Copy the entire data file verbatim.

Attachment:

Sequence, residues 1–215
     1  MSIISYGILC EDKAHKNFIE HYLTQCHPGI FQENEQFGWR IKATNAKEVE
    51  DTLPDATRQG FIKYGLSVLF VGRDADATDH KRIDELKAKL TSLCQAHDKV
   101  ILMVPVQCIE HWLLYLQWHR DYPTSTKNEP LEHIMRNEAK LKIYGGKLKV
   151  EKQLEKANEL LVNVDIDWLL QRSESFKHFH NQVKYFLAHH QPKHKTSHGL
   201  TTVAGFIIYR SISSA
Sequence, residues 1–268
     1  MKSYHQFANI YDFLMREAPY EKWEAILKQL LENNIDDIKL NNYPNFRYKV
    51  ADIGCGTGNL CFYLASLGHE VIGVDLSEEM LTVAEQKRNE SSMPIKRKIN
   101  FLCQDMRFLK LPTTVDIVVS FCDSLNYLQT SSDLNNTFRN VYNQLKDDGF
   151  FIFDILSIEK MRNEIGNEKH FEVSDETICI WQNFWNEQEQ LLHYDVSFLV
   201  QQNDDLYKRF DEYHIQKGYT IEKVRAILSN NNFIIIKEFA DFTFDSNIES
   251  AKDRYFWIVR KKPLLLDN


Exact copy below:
Sequence, residues 1–215
     1  MSIISYGILC EDKAHKNFIE HYLTQCHPGI FQENEQFGWR IKATNAKEVE
    51  DTLPDATRQG FIKYGLSVLF VGRDADATDH KRIDELKAKL TSLCQAHDKV
   101  ILMVPVQCIE HWLLYLQWHR DYPTSTKNEP LEHIMRNEAK LKIYGGKLKV
   151  EKQLEKANEL LVNVDIDWLL QRSESFKHFH NQVKYFLAHH QPKHKTSHGL
   201  TTVAGFIIYR SISSA
Sequence, residues 1–268
     1  MKSYHQFANI YDFLMREAPY EKWEAILKQL LENNIDDIKL NNYPNFRYKV
    51  ADIGCGTGNL CFYLASLGHE VIGVDLSEEM LTVAEQKRNE SSMPIKRKIN
   101  FLCQDMRFLK LPTTVDIVVS FCDSLNYLQT SSDLNNTFRN VYNQLKDDGF
   151  FIFDILSIEK MRNEIGNEKH FEVSDETICI WQNFWNEQEQ LLHYDVSFLV
   201  QQNDDLYKRF DEYHIQKGYT IEKVRAILSN NNFIIIKEFA DFTFDSNIES
   251  AKDRYFWIVR KKPLLLDN